I managed to get myself blocked for being a little too bluntly honest in a local buy/sell/trade group on Facebook. I can still see posts and message sellers directly, but can't do public comments. Which is probably a good thing. Some people have watched far too many episodes of "Flea Market Flip" or perused the recycling photos on Pinterest because, holy wah, they're peddling some bad DIY. I'd managed to restrain myself most of the time, just scrolled past the most horrible examples, the pieces of beaver puke (aka MDF)(medium density fiberboard) someone actually wasted time refinishing, but a mutilated 1930's vanity triggered me the other day.

I guess I can ignore it when someone is dumb enough to waste time doing chalk paint and distressing a cheap dresser that is no more real wood than I'm Meryl Streep, but when it was something I knew had been actual furniture once? I couldn't restrain myself. It was the ugliest example of DIY I'd seen in a long time, and I said so. 

No doubt the original veneer had been shot long ago, gouged up beyond the hope of a decent repair, but that still didn't excuse the battleship (or possibly automobile primer) gray or the not original drawer pulls that were massively out of proportion for the piece. The seller referred to it as dresser, but it wasn't, which makes it no surprise she totally botched the repurposing. It was an art deco vanity. At one time it apparently had a mirror, which no longer existed, but there was a chunk of plywood with some oddly spaced shelves and a whole lot of clutter on them attached where the mirror once lived. It was weird. It was ugly. It was sad because it could have been cute. With a less weird color choice and better staging it would have been easily marketable as a fun piece for a kid's room. 

But, nope, it was just crap. 

Photo is of a vanity similar in style to the one that got mutilated. Now try picturing it in matte gray primer. I felt you all flinch, gentle readers. The thought is indeed painful. 

In any case, asking the seller why she'd turned it into a giant gray fungus was probably a mistake. The comments section turned nasty. The seller apparently has a posse who are quite happy to heap praise on her for mediocre work. Either that, or they have as little aesthetic sensibility as the furniture mutilator does because they kept insisting it was "cute." Nope. It looked like an old piece of furniture someone had pulled out of their grandparents house and had been using for storage in the garage for 20 or 30 years. Solid, but not exactly something to hype.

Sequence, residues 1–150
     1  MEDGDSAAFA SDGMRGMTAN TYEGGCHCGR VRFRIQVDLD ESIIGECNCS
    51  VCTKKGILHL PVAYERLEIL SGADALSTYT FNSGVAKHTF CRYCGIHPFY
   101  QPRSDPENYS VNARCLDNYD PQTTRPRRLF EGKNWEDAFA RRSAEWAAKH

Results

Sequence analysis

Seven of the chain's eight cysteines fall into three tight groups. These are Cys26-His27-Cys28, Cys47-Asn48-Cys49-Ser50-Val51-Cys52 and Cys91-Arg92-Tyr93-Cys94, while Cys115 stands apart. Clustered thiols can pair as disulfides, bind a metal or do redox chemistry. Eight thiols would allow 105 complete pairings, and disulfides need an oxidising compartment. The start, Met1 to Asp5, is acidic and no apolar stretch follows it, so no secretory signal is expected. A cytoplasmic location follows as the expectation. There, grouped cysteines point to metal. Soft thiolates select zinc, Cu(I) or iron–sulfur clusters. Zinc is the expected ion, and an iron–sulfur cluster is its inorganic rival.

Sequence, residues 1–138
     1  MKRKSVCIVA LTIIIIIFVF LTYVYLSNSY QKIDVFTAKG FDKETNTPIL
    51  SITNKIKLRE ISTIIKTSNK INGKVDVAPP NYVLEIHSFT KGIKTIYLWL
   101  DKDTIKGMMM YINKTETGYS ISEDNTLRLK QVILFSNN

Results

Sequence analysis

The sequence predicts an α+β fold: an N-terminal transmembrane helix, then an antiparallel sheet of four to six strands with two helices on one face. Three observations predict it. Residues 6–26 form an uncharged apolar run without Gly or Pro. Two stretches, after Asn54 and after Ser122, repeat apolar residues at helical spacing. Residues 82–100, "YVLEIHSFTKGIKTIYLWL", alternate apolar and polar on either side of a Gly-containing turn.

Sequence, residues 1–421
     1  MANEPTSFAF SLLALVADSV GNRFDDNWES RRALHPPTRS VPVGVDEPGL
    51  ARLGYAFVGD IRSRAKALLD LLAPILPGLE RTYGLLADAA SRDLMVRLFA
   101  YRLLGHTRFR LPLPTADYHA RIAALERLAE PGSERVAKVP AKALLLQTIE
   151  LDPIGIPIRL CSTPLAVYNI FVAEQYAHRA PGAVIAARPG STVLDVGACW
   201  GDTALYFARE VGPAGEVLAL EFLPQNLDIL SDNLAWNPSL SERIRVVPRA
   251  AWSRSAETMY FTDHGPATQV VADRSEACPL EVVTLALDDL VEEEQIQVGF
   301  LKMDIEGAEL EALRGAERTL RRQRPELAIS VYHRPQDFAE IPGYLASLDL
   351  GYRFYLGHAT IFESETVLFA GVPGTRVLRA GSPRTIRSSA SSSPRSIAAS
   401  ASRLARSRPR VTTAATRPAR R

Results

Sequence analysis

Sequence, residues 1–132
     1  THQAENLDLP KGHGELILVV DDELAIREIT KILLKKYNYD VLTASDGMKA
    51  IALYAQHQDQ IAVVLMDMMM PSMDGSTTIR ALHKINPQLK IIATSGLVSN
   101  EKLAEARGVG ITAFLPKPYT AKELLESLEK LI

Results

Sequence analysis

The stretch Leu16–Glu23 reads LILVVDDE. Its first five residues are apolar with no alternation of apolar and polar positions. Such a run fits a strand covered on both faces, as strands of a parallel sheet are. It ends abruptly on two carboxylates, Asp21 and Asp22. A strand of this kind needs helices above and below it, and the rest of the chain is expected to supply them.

The comments sections on various buy/sell/trade posts do have a tendency to turn into flame wars. I've seen some remarkably obscene comments about buyers, sellers, and products. I do not envy the admin. Then again, she can't even manage to get people to pay attention to the fact that group is supposed to be "no clothes," but every other post seems to be someone hawking their kids' slightly stained, torn, whatever garments. 

The site also amuses me by the way folks under the age of 30 refer to anything that was sold before they graduated from high school as an "antique" or "rare." Right. You inherited a mass produced beaver puke Sauder bookcase your parents bought at Kmart in the early 80s. It's not an antique, and for sure it's not rare. But that's a subject for another time. 

Friday, December 18, 2020

It finally happened

Someone I know, a person who was not a nursing home resident and not known to have serious comorbidities has died from a COVID-19 infection. He wasn't the first person I've known who's been done in by COVID, but he was the first who didn't fit that nice cozy "it's only old people who were super close to taking dirt naps anyway" rationalization a lot of us have been using. 

You know what I mean. "Sure, I'm not that young anymore but I'm not in a wheelchair. I'm not in a nursing home. I don't have comorbidities like asthma or diabetes or high blood pressure or COPD. I am reasonably physically fit." Translation: "Screw following the guidelines. I'll be fine." 

You see the articles in the paper about how many people coughed their last at the local nursing home but you think, well, it's sad that so-and-so died, but he was in his 90's. If it hadn't been COVID, it would have been the flu real soon. It's sad but it's not real. I know when I heard that the lady who was the Older Daughter's Head Start teacher died from COVID at the nursing home, I was saddened but not shocked -- she was an octogenarian so my initial reaction was more along the lines of "she was still alive?" than to think about corona virus.